This program was recorded on November 6, 2004 in the "Castle Duivenvoorde" in The Netherlands. This was an actual concert, but the audience's applause has been edited out. (Either that, or they were asked to restrain themselves!)
The booklet notes suggest that Zemtsov was born in the former Soviet Union, as he studied at the Tchaikovsky Conservatory in Moscow before continuing his studies in Great Britain, Germany, and The Netherlands. Currently, he is principal violist for the Residentie Orchestra in The Hague and the New European Strings. He has held similar positions with orchestras in Mexico and Norway.
This is an impressive program, as much for the repertoire as for the playing. Anton Rubinstein's Sonata is a Romantic gem, typically Russian in style, and not lacking in memorable ideas. (He was a contemporary of Tchaikovsky.) The so-called Suonata by Michael Radulescu (b. 1943, and not to be confused with composer Horatiu Radulescu, who was born a year earlier) is a gritty but rewarding work, not at all inaccessible unless one is completely allergic to modern classical music. Mikhail Kugel (b.1946) – Zemtsov's teacher at the Maastricht Conservatory, I believe – summons up the ghost of Ysa˙e with his work; the Latin plainchant "Dies irae" is quoted during its course. I think the three Scriabin pieces originally were written for the piano – I know Desire was – but the name of the arranger is not given here. At any rate, it is surprising how well the music of one of the greatest of the late Romantic composers for the piano comes off when played on the viola. The Kreisler and the Ernst pieces are virtuosic crowd-pleasers in the old style. The Ernst originally was written for solo violin; I assume that Kugel arranged it for viola. The Melodia by Evgueni Zemtsov (b. 1940, and Mikhail's father?) is simple, brief, and heartfelt.
This sounds like an honest, warts-and-all production. Very minor faults in Zemtsov's playing – mostly related to intonation – have been left in, as has the odd cough and other unbidden contribution from the audience. Oddly, Zemtsov plays with greater confidence and tonal allure in the solo pieces (Radulescu, Kreisler, Kugel, and Ernst) than in the ones in which he is accompanied by Ms. Shishkina. At his best, he is the master of almost ridiculous technical challenges (in the Ernst, particularly), and his tone is warm, full and communicative. (I wonder if something was going on with the microphoning in the other selections, because both the viola and the piano tone sound a little off in them.) I am sure that the audience members received great pleasure from this program, as will listeners at home who are looking for something more than the usual viola recital. (Not that they are so "usual" to begin with!)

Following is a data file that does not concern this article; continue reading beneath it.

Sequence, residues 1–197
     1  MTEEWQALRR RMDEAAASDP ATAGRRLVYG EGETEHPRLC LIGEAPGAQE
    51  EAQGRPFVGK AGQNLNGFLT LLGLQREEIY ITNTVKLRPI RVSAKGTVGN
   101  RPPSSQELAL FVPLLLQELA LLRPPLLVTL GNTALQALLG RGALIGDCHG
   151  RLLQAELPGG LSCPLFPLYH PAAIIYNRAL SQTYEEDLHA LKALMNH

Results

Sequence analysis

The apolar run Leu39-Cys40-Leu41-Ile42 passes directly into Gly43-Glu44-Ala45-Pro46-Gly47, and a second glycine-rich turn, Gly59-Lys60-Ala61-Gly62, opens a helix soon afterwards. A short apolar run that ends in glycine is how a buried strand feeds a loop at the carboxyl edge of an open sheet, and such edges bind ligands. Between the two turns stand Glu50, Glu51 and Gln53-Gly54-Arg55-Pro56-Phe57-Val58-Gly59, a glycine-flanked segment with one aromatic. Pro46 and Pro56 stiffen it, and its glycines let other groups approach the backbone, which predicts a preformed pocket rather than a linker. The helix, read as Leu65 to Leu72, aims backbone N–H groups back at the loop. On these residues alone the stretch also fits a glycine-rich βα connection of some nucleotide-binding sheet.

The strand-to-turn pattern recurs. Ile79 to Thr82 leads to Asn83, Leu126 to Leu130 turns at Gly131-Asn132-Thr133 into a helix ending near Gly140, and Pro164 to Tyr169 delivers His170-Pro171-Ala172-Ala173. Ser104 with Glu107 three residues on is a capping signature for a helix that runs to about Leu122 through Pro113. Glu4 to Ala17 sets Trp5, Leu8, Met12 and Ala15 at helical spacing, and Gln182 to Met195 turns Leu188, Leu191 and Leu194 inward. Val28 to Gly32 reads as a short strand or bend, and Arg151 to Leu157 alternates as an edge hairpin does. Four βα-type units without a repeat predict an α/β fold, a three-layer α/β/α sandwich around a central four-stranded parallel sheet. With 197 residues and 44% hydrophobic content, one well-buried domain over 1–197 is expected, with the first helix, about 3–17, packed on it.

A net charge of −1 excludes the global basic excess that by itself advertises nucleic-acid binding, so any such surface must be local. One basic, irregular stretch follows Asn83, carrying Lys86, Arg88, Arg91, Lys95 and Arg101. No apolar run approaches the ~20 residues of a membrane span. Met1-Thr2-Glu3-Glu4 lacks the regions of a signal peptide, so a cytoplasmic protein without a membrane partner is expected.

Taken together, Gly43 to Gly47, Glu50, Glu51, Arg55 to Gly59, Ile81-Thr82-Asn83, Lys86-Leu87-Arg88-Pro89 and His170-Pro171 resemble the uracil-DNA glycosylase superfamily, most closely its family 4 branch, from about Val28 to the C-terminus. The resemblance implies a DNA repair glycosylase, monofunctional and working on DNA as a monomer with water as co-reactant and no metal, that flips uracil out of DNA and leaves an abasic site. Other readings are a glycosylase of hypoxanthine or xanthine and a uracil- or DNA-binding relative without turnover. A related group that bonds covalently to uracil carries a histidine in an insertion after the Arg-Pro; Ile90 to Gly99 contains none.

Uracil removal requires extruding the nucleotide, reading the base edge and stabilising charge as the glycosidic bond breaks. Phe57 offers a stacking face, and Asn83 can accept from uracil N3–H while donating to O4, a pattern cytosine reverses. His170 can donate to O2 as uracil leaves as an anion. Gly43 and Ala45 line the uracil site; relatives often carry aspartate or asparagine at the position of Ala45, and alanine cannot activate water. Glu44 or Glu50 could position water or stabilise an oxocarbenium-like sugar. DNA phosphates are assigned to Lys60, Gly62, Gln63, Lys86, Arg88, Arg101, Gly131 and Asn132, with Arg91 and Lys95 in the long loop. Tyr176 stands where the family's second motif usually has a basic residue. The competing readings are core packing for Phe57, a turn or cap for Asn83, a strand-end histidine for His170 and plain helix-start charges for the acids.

The production values on this CD leave something to be desired. Apart from a brief bio about Zemtsov, there are no booklet notes in which the composers or the repertoire are discussed. I assume that the "sara Chang" with whom Zemtsov has played actually is Sarah Chang. The Scriabin selections are combined on a single track, so the unwary might be fooled into thinking that Scriabin wrote a piece for viola and piano called "Desire, Mazurka, Prelude." There are no timings, either. Because this is not a run-of-the-mill recital, it would have been good if more information had been given and more care had been taken.
As a bonus, the last track of this CD features 12-year-old Dana Zemtsov (Mikhail's offspring?) playing the first movement from a "Concerto for viola and piano" by Handel. (Again, more documentation is in order here.) This is impressing playing indeed: young Dana is a chip off the old block, one might say!
I suspect that this CD, whose overall title is "The Last Rose of Summer," will be difficult to obtain from many of the usual retailers. Interested purchasers might want to go to the label's URL: www.naturalacoustics.nl
Copyright © 2006, Raymond Tuttle